·  Restricted Entry onto Campus.  As has been the practice over the past few months, non-essential faculty, staff, and administrators should only come onto campus for short periods of time as necessary to pick up reference materials or supplies.  Permission of the immediate supervisor and supervising Cabinet officer is required for the admission of non-essential personnel onto campus.  Non-essential personnel who need to come onto campus should contact their immediate supervisor.  Before being admitted, non-essential personnel will be screened for symptoms associated with the coronavirus.

 

June 11:

College of DuPage students who must get back on campus to complete their spring semester will gain limited access to the HSC and HEC buildings starting this coming Monday, June 15.

President Brian Caputo unveiled a detailed plan for how students with lab or clinical requirements will be able to finish their coursework in an email Wednesday night. The plans were created for students with classes that could not be totally converted online. The goals of the plan involve limiting the possible exposure of all involved to the COVID-19 virus. Caputo detailed the plan as follows:

•   One doorway per building will be used as a dedicated entrance and another will be used as a dedicated exit.  Access to buildings other than the HSC and the HEC will be restricted or prohibited.

•  Coronavirus-related preventative measures will be posted at the doorways.

•  All students will be screened prior to entry in accordance with an established protocol.

•   Students must provide their own masks and wear them at all times while on campus.

•   Students must maintain social distance from others of at least six feet at all times.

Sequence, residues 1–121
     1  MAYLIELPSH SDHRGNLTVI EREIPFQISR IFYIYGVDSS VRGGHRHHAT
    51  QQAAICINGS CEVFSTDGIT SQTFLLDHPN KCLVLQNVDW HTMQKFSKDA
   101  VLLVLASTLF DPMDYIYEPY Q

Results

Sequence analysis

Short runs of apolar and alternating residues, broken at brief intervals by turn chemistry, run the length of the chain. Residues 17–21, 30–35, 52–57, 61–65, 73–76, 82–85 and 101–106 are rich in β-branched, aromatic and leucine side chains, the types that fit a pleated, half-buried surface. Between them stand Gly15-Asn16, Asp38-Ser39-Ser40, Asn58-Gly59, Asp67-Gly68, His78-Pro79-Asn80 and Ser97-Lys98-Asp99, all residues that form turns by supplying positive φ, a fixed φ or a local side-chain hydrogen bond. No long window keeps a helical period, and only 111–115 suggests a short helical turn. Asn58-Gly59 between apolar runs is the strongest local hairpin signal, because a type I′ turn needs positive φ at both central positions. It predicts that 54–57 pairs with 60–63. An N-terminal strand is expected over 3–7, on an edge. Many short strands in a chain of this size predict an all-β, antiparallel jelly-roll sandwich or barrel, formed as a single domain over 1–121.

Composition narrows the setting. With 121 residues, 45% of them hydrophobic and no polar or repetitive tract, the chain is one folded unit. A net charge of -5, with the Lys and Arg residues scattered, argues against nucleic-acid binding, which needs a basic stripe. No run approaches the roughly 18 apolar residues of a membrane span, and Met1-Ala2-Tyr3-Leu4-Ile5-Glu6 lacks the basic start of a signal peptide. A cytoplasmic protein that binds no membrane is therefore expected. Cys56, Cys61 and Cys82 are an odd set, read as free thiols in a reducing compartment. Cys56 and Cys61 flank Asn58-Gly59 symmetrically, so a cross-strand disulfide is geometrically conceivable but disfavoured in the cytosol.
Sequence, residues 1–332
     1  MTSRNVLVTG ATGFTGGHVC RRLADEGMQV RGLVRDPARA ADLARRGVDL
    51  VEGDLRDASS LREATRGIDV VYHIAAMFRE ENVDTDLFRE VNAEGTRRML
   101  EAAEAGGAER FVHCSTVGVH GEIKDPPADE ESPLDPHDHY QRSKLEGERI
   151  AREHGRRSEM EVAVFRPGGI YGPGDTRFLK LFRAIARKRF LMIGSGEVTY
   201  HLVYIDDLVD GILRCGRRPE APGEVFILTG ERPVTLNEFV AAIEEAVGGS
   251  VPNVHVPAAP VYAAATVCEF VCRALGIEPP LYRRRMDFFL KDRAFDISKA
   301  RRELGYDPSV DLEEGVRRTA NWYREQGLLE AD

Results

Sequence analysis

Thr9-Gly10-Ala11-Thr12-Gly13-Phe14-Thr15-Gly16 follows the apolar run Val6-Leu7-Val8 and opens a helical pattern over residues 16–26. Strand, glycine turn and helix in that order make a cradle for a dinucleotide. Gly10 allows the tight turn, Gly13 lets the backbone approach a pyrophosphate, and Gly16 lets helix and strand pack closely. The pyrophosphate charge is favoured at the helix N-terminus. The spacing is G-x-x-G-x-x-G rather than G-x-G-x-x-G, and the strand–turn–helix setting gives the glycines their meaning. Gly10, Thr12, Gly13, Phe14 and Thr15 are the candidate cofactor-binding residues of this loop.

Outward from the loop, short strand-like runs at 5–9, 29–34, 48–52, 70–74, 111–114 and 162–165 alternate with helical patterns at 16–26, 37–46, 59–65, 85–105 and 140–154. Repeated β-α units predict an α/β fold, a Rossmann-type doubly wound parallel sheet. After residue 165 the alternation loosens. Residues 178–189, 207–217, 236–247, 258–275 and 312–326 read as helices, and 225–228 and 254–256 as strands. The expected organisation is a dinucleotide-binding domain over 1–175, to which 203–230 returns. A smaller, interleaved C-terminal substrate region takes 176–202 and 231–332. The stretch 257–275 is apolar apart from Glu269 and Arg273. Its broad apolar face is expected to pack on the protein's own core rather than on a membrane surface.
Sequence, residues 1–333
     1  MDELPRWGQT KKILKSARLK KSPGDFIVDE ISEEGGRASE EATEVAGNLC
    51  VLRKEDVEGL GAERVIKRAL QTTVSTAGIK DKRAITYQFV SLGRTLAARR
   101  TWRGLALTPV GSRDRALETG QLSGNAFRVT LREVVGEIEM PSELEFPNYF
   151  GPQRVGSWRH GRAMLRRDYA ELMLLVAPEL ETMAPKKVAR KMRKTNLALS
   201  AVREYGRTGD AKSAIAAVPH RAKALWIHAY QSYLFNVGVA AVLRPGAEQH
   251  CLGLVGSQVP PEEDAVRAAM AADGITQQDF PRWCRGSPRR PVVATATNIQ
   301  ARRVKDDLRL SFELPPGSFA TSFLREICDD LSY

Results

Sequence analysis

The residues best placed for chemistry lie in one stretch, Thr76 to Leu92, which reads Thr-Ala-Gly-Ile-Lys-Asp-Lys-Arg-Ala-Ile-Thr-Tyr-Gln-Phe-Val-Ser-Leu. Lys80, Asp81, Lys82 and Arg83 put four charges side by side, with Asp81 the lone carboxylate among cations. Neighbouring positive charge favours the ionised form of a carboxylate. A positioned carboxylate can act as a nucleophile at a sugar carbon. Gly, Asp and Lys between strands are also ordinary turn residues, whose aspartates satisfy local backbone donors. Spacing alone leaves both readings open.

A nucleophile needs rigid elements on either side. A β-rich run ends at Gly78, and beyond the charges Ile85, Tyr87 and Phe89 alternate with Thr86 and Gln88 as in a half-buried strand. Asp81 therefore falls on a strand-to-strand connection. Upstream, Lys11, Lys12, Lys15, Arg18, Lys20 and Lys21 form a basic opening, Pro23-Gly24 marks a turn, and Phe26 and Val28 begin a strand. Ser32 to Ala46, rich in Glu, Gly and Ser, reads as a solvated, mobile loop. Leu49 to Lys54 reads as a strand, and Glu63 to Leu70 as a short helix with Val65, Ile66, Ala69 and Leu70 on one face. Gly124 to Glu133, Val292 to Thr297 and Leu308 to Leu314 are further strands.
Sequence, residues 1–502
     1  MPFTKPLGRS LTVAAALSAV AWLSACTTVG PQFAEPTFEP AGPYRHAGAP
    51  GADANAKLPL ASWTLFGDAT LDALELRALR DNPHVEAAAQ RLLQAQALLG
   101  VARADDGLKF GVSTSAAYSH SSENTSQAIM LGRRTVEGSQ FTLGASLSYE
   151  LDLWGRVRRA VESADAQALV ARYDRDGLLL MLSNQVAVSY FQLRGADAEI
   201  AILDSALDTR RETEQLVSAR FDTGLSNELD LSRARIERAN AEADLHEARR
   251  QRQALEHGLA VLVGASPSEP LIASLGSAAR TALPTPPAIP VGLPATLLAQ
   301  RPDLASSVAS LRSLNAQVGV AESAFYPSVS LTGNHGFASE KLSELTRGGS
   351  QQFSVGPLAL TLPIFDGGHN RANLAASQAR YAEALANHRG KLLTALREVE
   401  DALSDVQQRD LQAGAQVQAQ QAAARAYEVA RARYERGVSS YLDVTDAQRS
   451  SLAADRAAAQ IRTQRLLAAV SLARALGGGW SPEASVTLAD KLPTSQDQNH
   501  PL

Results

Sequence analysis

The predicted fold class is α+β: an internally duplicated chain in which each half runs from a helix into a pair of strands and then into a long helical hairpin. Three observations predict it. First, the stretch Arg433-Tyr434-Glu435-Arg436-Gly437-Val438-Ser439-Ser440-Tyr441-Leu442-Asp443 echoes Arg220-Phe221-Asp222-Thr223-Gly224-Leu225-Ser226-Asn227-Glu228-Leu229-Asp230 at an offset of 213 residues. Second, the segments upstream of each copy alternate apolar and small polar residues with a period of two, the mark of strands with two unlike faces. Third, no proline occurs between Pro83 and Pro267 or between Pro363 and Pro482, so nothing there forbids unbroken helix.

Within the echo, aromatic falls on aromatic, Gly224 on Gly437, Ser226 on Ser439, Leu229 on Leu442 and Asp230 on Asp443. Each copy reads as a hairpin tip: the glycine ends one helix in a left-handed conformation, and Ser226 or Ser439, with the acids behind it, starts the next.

•   Classroom seats will be modified as necessary to maintain social distancing.

•   No more than 10 people will be allowed in any classroom at the same time.

•   Students will not change classrooms throughout the day.

•   Signage will be posted in common areas, such as near washrooms and elevators, to facilitate social distancing.

•   As necessary, students should bring their lunches and eat in the classroom, outdoors, or in their cars.

•   Students will be dismissed after class in a coordinated manner to maintain social distancing.

•   Classrooms will be cleaned/disinfected at the end of each day.

• Students may arrange to pick up course materials ordered through the College bookstore.  When notified that their course materials are available, students can make an appointment for curbside, contactless pick-up by calling (630) 942-2361.

 

 

May 29:

All College of DuPage employees and visitors must pass a health screening prior to accessing campus until further notice, according to the latest information unveiled by college officials Friday.

According to an email sent out by administrators, all visitors to campus:

“must electronically (phone, text, etc.) contact the supervisor or designate in the area they are wishing to access. Prior to entering the facility the area supervisor or designate will stand at least 6 feet away from the non-employees and ask:

* Do you have a fever?

* Do you have a cough or difficulty breathing?